Jim Hawk, University of Delaware: Inbred line development and hybrid evaluation in GEM breeding crosses. The objectives for the GEM research at the University of Delaware includes (1) the evaluation of 170 breeding crosses for adaptability, maturity, flowering synchrony, standability, plant and ear height, pest resistance, stay green, grain quality and drydown, (2) initiate inbreeding with 15 new breeding crosses (10 SS and 5 NS), (3) make selections among 564 S1 families and make S2’s among selected families, and (4) conduct yield trials of S2 GEM topcrosses in Delaware and Iowa locations. Twenty-six breeding crosses were selected and are recommended for future line development (objective 1). From 320 self pollinations made in each of the 15 new breeding crosses, 498 stiff stalk, and 188 non-stiff stalk S1 ears were selected based on plant and ear phenotype (objective 2). Two hundred forty-six S2 ears were selected from 164 of the 366 stiff stalk S1 families, and 131 S2 ears were selected from 88 of the 198 non-stiff stalk families evaluated (objective 3). Due to hurricane Isabel on the East Coast, it was not possible to have more than a single location of data from the Delaware location (2 of 3 locations lost in Delaware). Most of the yield trial data presented in tables 4-11 are from one location in Delaware, and one location in Iowa (objective 4). Although the data is from a limited number of locations, GEM entries were identified that were above the means of five commercial hybrids in five of the eight experiments. GEM breeding crosses with progeny above the check means included: DK212T:N11a10, DK888:N11a08b, UR13085:N0204, CUBA164:S1511b, and DKB844:S16. The top 25-35% of S3 lines will be advanced, and S2 and S3 lines from selected populations are being test crossed in 2003-2004 winter nursery for 2004 yield trials.
Manjit Kang, Louisiana State University: Identifying resistance to infection by Aspergillus flavus and Fusarium in GEM breeding crosses and advanced breeding lines. The GEM crosses (30) and advanced breeding lines (41) supplied by Dr. Michael Blanco, GEM Coordinator, were planted on 23 April 2003 at Ben Hur Plant Science Farm near Baton Rouge. The experimental design was a randomized complete block with two replications. Each two-row plot was 20 ft long with 40-inch row spacing. Ears of six randomly chosen plants were inoculated as follows: Thirty days after mid-silk, the first row of each plot was inoculated with conidial suspension of Aspergillus flavus and the second row was inoculated with Fusarium verticillioides. In late August, A. flavus- and F. verticillioides-inoculated ears were harvested separately. Ears were shelled and seed has been stored in a freezer. Inoculated kernel samples will be analyzed for percent kernel infection. We expect analyses to be completed by the end of March 2004. Five samples with highest and five samples with lowest kernel infections will be assayed for aflatoxin and fuminosin concentrations.
Richard Pratt, Ohio State University: Optimization of protein and oil value-added traits and their combination with elite Ames and southern GEM lines. This is a new project. High protein and high oil GEM lines, and their sister lines or other closely related lines with desirable agronomic performance, were identified by examination of existing data sets. In total, 1 Set C; 7 Set E; 1 Set F; 6 Set G and 28 lines from the southern GEM (NC State) were selected. Three lines displayed both high grain quality and high agronomic performance in previous tests. The objective will be to verify the reported phenotypes of the selected lines and then to initiate selection within lines, and within newly generated populations for 1) a favorable balance of agronomic and grain quality traits and 2) extreme trait expression per se. DK888N11 materials displayed the following range of responses to natural infection by foliar pathogens: GLS 0% to 5% PLAA; Stewarts Wilt 2% to 15% PLAA; Rust 0% to 15% PLAA; most rows did not show NCLB lesions. The highest yielding individual entry was B73 x DK888N11 F2S2 01RH700055 at 8.26Mg/ha with 34.3% moisture and 43% lodging. Stalk lodging was extremely high in the plot. The mean value for the checks was 57% and for the experimental entries it was 78% with a range from 14% to 96%.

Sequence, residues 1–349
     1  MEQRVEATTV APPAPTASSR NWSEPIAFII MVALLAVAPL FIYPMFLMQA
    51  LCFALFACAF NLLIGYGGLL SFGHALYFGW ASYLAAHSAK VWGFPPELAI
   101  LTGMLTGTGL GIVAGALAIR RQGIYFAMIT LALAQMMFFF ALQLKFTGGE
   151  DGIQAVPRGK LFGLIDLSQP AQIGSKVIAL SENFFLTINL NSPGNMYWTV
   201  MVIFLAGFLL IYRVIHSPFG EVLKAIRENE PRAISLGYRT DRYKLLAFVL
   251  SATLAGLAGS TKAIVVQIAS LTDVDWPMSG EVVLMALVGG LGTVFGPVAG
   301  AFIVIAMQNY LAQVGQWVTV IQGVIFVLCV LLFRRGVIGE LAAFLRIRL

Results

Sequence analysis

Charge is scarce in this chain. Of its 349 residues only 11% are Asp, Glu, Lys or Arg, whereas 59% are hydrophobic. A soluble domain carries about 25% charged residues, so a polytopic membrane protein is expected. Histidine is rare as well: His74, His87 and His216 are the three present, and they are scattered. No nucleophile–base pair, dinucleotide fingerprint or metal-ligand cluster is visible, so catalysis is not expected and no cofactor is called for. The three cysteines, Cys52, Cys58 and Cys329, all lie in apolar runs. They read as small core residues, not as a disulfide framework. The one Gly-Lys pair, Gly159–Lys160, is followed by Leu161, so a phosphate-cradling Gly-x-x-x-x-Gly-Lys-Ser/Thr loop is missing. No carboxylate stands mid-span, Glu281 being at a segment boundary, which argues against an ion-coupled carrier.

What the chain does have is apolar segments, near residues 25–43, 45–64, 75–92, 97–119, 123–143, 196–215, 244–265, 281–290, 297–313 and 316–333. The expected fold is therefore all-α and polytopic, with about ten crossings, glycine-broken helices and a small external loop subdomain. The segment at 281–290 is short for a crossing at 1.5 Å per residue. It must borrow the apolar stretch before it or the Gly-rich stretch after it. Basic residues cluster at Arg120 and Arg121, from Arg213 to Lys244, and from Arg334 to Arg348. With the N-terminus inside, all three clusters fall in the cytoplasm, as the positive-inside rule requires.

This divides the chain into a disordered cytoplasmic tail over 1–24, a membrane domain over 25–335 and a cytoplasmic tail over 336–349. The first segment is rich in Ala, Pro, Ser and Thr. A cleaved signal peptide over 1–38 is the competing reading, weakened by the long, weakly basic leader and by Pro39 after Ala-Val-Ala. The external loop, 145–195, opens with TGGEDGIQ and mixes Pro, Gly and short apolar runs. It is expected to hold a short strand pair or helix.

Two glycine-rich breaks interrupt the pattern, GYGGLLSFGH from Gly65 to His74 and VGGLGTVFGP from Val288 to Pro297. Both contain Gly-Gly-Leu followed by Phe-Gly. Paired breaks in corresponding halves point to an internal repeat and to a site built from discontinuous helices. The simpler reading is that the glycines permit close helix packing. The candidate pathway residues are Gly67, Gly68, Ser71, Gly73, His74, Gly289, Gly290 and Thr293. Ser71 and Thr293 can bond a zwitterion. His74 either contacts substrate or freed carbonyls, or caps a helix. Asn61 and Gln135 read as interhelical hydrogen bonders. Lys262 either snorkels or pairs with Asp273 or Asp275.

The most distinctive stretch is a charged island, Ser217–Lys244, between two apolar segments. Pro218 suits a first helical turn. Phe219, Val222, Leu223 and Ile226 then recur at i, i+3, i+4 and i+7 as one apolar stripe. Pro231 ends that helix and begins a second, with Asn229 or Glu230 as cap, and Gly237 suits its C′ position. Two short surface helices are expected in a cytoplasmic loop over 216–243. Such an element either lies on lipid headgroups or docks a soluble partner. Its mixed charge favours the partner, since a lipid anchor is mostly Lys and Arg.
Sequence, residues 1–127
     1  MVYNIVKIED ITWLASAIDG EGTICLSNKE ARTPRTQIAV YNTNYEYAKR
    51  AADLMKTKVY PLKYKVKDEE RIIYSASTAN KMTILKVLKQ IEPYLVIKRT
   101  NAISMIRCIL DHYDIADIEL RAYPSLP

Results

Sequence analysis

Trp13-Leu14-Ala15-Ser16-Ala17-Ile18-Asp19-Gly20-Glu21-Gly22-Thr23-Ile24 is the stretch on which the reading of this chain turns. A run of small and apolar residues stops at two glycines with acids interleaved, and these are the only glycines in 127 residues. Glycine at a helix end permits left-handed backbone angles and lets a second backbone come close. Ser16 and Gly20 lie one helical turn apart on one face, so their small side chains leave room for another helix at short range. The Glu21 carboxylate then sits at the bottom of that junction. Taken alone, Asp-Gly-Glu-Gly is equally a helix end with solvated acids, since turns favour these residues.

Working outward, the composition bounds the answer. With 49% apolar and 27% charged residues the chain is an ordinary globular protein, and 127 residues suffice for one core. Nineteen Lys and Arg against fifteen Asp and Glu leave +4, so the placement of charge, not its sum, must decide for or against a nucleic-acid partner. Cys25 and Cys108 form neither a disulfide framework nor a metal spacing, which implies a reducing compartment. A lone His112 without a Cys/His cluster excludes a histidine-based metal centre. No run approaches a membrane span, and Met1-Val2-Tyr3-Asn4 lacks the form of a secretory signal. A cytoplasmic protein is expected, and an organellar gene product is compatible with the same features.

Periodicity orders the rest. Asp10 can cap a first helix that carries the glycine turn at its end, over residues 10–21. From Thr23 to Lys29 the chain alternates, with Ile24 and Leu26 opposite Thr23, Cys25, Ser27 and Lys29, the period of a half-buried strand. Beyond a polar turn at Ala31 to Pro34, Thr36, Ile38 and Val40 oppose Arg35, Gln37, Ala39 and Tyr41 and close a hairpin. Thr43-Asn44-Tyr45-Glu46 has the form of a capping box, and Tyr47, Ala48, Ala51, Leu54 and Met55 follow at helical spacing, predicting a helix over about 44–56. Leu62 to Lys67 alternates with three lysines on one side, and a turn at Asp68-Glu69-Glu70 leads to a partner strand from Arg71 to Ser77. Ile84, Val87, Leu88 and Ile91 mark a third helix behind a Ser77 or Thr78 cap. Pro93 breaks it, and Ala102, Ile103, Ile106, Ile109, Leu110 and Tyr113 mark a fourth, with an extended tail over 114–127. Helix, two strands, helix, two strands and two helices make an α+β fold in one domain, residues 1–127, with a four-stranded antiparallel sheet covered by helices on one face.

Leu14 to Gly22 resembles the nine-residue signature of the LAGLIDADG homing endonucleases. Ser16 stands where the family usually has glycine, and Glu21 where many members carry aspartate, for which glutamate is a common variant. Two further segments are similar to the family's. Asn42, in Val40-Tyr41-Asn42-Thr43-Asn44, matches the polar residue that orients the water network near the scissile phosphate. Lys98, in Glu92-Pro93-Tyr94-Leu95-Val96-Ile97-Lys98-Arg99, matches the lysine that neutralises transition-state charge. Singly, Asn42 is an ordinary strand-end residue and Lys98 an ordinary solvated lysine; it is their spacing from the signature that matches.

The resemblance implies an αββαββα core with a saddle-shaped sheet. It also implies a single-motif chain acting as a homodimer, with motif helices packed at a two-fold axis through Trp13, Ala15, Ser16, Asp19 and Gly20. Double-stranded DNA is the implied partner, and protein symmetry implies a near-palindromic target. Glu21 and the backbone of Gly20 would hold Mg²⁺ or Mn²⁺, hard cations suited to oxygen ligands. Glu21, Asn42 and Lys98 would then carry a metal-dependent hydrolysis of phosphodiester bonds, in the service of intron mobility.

Ken Russell, University of Nebraska: Selection for phosphorous concentration in maize grain. No report submitted. Report available in early 2004.
Margaret Smith, Cornell University: Anthracnose stalk rot resistance from exotic maize germplasm. Anthracnose stalk rot (ASR), caused by Colletotrichum graminicola (Ces.) G.W. Wils., causes stalk rot problems and contributes to increased lodging in New York and throughout many U.S. maize-producing areas. The only economically feasible control of ASR is through resistant varieties and cultural practices that reduce disease incidence. This project aims to develop new maize inbreds with excellent resistance to ASR and good agronomic quality, yield potential, and temperate adaptation (derived from the proprietary temperate inbreds crossed to the exotic populations). Beginning in 1995, screening GEM germplasm resulted in the identification of four breeding crosses having 75% temperate:25% exotic with potential for ASR resistance. Using simultaneous selection for ASR and yield, (beginning with S2 topcross for yield in 1999), the objectives of 2003 include (1) evaluation of S5 and S6 lines and their test cross progeny for ASR, and (2) evaluate the test cross progeny (crossed to both public and Holden’s testers) for yield and agronomic potential. Two GEM derived inbreds (FS8B(T):N1802 15-255 and GOQUEEN:N1603 15-276) appear as resistant or more resistant than the resistant check, DE811ASR. Data from the 2003 experiment for ASR and yield trials is still being collected and not available for inclusion in this report.